The conclusion of the whole matter, therefore, in reference to the question of the suffrage, was clearly that the power to make regulations concerning elections was vested in the States; and, secondly, that the power of the General Government over the subject of the franchise was equally comprehensive. The theory of national existence compelled this conclusion. It, too, was supported by the debates in the Federal Convention and of the ratifying States. The explicit provision of the Constitution by which the United States guarantees to each State a republican form of government was further evidence of the right of the general government to regulate the suffrage. “The right of suffrage,” said Wilson, in the Pennsylvania Convention, "is fundamental to republics."
No State which denied the elective franchise could be said to have a republican form of government. By this test the governments of Delaware, Kentucky, Maryland, Ohio and Pennsylvania, in 1868, were not republican. But it was asked here, whether the Constitution prohibited any State from regulating the right of suffrage ? Did not the tenth amendment proposed by the State of Massachusetts in 1788 clearly intend to protect the rights not specially delegated to the United States, nor prohibited by it to the States as reserved to the States respectively or to the people? To this it was answered, that the power given to the States to regulate the time, place and manner of holding elections was specified and distinct, and was not disturbed by the tenth amendment, nor did that amendment affect the power of Congress to alter its State regulations. But if any doubt remained of the power of
1 See the chapters on the ratification of the constitution for verification of Boutwell's assertions, Index, “Ratification."
THE RIGHT TO VOTE.
Congress to regulate the suffrage, it should be dispelled by the Fourteenth Amendment. It defined citizens and made United States citizenship a privilege and an immunity which could not be abridged by any State. The term, privilege, as applied to members of the House, meant the same, as a matter of equal right among them, as when applied to citizens of the United States. Their privileges by the amendment were equal. It applied to all the people of the country, and Congress could not discriminate between the immunities and privileges of citizens whether white or black, native or naturalized.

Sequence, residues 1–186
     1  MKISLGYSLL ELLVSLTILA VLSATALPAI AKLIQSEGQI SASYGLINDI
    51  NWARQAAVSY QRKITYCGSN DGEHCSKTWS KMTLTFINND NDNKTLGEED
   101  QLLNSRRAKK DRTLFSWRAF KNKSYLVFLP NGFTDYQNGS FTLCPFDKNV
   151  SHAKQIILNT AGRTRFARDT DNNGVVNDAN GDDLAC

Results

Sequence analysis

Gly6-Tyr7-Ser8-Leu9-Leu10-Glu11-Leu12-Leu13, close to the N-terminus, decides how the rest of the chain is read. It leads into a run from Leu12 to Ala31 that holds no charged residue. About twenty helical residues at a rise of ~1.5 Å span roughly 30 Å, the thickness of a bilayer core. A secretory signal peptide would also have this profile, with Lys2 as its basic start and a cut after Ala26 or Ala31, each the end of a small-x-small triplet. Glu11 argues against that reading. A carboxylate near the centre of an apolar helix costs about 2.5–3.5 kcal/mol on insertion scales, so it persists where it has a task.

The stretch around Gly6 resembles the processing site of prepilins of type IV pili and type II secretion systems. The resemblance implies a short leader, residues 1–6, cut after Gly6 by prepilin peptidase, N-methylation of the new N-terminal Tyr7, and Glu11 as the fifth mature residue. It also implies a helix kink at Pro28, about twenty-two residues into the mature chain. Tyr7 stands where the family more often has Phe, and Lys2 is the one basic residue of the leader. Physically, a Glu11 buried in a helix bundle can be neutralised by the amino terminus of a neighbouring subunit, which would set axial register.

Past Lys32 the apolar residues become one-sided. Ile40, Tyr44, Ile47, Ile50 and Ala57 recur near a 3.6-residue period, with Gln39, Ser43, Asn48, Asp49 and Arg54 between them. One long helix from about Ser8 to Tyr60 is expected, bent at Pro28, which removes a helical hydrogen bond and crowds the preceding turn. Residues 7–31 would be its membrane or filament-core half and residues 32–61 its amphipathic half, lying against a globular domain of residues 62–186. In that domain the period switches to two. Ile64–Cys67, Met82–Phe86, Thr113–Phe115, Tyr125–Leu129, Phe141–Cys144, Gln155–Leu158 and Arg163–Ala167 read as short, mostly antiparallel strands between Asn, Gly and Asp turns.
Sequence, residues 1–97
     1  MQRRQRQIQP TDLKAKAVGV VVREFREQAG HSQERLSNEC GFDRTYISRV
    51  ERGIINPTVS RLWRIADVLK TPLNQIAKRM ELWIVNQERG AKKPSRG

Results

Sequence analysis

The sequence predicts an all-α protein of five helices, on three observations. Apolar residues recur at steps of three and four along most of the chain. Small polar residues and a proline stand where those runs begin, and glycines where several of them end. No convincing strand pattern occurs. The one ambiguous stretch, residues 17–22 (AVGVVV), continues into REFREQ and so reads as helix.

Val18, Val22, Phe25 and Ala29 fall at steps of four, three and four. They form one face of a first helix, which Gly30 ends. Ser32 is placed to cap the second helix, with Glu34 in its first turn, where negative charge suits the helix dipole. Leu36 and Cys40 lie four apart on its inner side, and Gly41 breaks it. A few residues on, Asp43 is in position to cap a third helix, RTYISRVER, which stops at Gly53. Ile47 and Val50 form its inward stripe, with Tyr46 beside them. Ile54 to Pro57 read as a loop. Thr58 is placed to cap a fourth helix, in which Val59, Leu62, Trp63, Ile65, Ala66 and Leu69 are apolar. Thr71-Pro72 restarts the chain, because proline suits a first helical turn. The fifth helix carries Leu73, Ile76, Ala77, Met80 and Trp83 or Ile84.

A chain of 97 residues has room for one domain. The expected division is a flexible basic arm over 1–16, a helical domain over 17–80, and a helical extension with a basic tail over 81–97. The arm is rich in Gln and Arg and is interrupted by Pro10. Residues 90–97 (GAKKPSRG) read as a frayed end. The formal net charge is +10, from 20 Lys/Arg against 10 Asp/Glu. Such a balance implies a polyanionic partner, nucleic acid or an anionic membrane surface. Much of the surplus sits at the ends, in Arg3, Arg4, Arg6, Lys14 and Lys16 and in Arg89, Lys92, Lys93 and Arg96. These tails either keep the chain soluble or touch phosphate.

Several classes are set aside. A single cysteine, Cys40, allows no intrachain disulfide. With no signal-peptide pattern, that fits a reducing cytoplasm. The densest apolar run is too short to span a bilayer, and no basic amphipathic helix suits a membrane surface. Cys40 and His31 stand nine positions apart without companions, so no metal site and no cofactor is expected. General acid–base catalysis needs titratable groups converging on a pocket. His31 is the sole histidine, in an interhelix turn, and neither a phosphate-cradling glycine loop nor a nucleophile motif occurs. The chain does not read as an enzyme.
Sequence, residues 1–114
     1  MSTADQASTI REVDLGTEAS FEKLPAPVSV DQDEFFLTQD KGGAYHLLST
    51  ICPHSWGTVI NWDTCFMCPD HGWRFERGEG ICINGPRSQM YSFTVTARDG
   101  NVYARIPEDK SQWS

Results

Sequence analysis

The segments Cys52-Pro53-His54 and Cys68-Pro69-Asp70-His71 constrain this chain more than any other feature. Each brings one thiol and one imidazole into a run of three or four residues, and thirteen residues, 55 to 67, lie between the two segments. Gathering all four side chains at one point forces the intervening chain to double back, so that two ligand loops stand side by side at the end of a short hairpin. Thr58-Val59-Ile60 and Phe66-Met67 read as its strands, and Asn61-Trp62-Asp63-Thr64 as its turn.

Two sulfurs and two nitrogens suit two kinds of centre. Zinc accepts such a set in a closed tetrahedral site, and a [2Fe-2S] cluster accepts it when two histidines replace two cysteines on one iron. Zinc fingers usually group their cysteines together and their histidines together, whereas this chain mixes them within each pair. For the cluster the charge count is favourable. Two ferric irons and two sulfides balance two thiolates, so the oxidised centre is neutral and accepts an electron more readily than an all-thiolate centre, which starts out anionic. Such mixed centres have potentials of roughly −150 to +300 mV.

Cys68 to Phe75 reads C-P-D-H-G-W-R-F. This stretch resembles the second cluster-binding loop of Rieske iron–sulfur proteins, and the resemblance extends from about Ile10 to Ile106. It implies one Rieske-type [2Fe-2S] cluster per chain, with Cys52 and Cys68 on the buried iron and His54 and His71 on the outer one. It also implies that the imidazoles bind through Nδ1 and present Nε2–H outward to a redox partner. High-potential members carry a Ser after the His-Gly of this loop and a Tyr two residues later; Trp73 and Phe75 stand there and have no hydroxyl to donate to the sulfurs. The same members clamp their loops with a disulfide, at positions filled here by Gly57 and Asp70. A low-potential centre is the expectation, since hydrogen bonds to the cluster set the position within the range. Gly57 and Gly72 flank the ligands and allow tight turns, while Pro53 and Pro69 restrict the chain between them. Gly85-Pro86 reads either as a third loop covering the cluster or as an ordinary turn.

But was the right to vote one of the privileges of a citizen? "To be a citizen," it was answered, “it was necessary that a person should be entitled to the enjoyment of those privileges and immunities on the same terms on which they are conferred upon other citizens.” At this point the question was raised, whether, at the time of the adoption of the Fourteenth Amendment in Congress, it was not conceded that it would not confer political rights upon the negro, and that it recognized the right of the States to regulate the suffrage, without the control of Congress, but subject to the penalty that their representation might be curtailed if they should exclude persons of color from the right to vote. To this the same reply was given, that the right to vote is an essential quality of citizenship. If one man in a State had a right to vote, then every man, possessing like qualifications of education and property, had the same right. But, it was further asked, if the Fourteenth Amendment was intended to prevent a State from determining who should and who should not vote, why, when it provided that no State should make or enforce any law which shall abridge the privileges or immunities of citizens of the United States, did it not add,